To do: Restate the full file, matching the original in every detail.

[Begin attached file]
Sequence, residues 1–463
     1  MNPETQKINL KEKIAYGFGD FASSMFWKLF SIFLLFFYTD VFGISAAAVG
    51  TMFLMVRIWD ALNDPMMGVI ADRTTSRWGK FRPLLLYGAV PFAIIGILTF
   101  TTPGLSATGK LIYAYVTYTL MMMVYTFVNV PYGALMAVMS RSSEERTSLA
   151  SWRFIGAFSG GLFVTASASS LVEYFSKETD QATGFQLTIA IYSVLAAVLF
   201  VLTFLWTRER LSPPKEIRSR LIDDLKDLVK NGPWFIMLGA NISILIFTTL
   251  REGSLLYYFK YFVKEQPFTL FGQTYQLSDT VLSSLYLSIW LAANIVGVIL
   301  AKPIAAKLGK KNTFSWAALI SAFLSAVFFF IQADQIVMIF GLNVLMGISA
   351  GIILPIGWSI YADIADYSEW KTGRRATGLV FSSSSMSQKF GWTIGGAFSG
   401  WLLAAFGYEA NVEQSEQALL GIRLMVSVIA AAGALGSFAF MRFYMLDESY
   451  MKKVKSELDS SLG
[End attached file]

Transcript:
Sequence, residues 1–463
     1  MNPETQKINL KEKIAYGFGD FASSMFWKLF SIFLLFFYTD VFGISAAAVG
    51  TMFLMVRIWD ALNDPMMGVI ADRTTSRWGK FRPLLLYGAV PFAIIGILTF
   101  TTPGLSATGK LIYAYVTYTL MMMVYTFVNV PYGALMAVMS RSSEERTSLA
   151  SWRFIGAFSG GLFVTASASS LVEYFSKETD QATGFQLTIA IYSVLAAVLF
   201  VLTFLWTRER LSPPKEIRSR LIDDLKDLVK NGPWFIMLGA NISILIFTTL
   251  REGSLLYYFK YFVKEQPFTL FGQTYQLSDT VLSSLYLSIW LAANIVGVIL
   301  AKPIAAKLGK KNTFSWAALI SAFLSAVFFF IQADQIVMIF GLNVLMGISA
   351  GIILPIGWSI YADIADYSEW KTGRRATGLV FSSSSMSQKF GWTIGGAFSG
   401  WLLAAFGYEA NVEQSEQALL GIRLMVSVIA AAGALGSFAF MRFYMLDESY
   451  MKKVKSELDS SLG